Learning when training input and test data come from different distributions
Speaker: Shai Ben-David
Common machine learning theory makes some simplifying assumptions
about the learning set up. A problematic such simplification is the
assumption that the data available to the learner for training is a
faithful representative of the data it will be later tested on. In
this work we demonstrate that, counter to common belief, some
performance guarantees can be made even without such an assumption.
Clearly, if our training data is not assumed to be an an-biased sample
of the target domain, learning must rely on some other knowledge about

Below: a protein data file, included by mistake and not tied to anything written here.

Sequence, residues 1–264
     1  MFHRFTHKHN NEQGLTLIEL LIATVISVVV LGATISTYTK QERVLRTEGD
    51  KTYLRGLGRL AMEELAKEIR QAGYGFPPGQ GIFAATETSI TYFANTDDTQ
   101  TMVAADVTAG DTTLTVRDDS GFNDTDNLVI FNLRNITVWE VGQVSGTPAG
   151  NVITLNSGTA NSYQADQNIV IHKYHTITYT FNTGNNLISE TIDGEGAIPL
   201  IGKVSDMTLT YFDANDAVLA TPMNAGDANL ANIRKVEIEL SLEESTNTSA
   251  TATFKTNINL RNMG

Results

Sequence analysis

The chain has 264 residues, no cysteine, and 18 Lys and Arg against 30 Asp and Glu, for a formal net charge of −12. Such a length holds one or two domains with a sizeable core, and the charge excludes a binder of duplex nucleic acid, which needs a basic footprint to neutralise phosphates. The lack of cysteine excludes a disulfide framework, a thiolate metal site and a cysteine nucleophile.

the test data distribution (or depend on the validity of some strong
assumptions concerning the function to be learned).
In this work we address the scenario in which the knowledge about the
test data distribution is acquired by viewing unlabeled data generated
by that distribution. In contrast with previously published
approaches, we also refrain from assuming any relationship between the
labels and the structure of unlabeled data
We present a learning paradigm for that setting and prove test error
bounds in terms of parameters that can be reliably estimated from the
learner's input data. I shall discuss the task of automated
part-of-speech-tagging to demonstrate the applicability of this work.
This is joint work with John Blitzer, Koby Crammer and Fernando
Pereira from UPENN